As far as academic research is concerned, the same reasoning applies. How many times have I received emails from young sport scientists asking for directions for their research (i.e., “what shall I study?”)? Most of the time, my response is, “it depends on your context!” In fact, there are likely as many research foci and strategies as there are sport scientists and research groups, since most of the time the questions to be answered, the cohort or population to study, the facilities and tools at disposal, and the analytical methods mastered, vary dramatically. So, how do we chose what to research? By knowing which questions need to be answered,8 of course, but adaptation to context and using pragmatism are clearly important too. No need for all to publish in Experimental Physiology, but either IJSPP! Difficulties in recruiting subjects? Limited on budget to buy fancy enzyme analysers or transmagnetic stimulators? Let’s conduct a systematic review or a meta-analysis, which have the advantage of standing on the top of the pyramid of the evidence,9 while not requiring any practical investigation. Can’t collect data yourself for some reasons? Partner with another University, research institute, sporting organization or a club and offer them help with the analytics and writing!8 Get access to elite athletes and monitor their load daily? Work on training responses or injury surveillance! As shown in Figure 1, there is always an optimal scenario for each researcher in relation to his specific context. The point that I make here is that often researchers may gain advantage from researching what they can and what matters (as discussed in depth previously2,8), rather than what they want. To seize the best publication opportunities, young sport scientists may need to prepare themselves ahead and develop a wide range of academic skills (e.g., knowledge of different study designs, technology, data analysis, statistics, writing, and referencing) that may allow them to adapt their investigations and focus on the right research projects – in relation to the type of data available and the useful questions that can be answered with those opportunities (Figure 1). If researching and publishing is our main job, how could we afford to not optimize all these process!?
In the business, elite sports or academic setting, there is never only one way to complete a task, but there is usually a better way -or often a least bad option- for a given context.7 Our old friend Wile E. coyote has taught us that the determinants of success are unlikely in the knowledge and the skills per se, but rather in our capacity to adapt our behaviour and actions (often on the fly) to suit a specific situation. That’s how he finally caught the Road Runner!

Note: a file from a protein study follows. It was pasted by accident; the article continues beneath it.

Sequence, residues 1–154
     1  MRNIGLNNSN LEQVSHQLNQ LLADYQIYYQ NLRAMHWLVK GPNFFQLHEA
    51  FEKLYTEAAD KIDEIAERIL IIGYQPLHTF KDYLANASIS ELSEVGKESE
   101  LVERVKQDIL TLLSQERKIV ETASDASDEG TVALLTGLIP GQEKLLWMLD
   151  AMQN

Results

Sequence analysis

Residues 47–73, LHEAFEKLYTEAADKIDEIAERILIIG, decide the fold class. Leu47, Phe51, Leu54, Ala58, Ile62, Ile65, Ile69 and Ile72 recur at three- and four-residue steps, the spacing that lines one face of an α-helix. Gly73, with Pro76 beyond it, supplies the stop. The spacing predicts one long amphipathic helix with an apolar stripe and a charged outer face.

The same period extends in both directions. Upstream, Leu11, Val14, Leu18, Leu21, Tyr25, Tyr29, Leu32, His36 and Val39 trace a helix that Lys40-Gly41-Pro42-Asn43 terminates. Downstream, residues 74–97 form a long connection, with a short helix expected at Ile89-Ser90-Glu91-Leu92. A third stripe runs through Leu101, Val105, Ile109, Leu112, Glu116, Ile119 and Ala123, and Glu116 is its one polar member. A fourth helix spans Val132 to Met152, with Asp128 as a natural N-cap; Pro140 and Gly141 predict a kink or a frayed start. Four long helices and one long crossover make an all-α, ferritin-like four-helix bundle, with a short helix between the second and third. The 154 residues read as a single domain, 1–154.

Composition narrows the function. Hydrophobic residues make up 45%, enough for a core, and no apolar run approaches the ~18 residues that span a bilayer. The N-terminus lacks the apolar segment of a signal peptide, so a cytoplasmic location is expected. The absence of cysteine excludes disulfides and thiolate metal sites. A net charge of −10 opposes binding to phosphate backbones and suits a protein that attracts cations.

Figure 1. Decision tree when it comes to selecting the most appropriate research strategy as a function of the context, i.e., adapting research means and focus to data availability, population and tools available. Note that while RCT (randomized controlled trial) can obviously also be performed when researchers have fancy tools, without tools it becomes very difficult to publish if the study design is not advanced (i.e., favouring interventional study, and RCT if possible). BM: body mass. Wile E. source: http://clipart-library.com/clipart/400567.htm.
- Levy S. Rise of the coyote: The new top dog. Nature, 2012;485(7398):296-7.
- Buchheit M. Chasing the 0.2. Int J Sports Physiol Perform, 2016;11(4):417-418.
- Buchheit M, Content is king, but context is god. Https://hiitscience.Com/content-is-king-but-context-is-god/, in HIIT Science Blog. 2018.
- Buchheit M, The hands that help are far better than lips that pray. Https://hiitscience.Com/the-hands-that-help-are-far-better-than-lips-that-pray/, in HIIT Science Blog. 2018.
- Jovanovic M, High intensity interval training and agile periodization, ed. B. Mann and M. Thome. 2018.
- Buchheit M, Daily morning rituals, making or ruining the day? Https://hiitscience.Com/daily-morning-rituals-winning-or-ruining-the-day/, in HIIT Science Blog. 2018.
- Buchheit M. Outside the box. Int J Sports Physiol Perform, 2017;12(8):1001-1002.
- Buchheit M. Houston, we still have a problem. Int J Sports Physiol Perform, 2017;12(8):1111-1114.
- Harbour R and Miller J. A new system for grading recommendations in evidence based guidelines. Bmj, 2001;323(7308):334-6.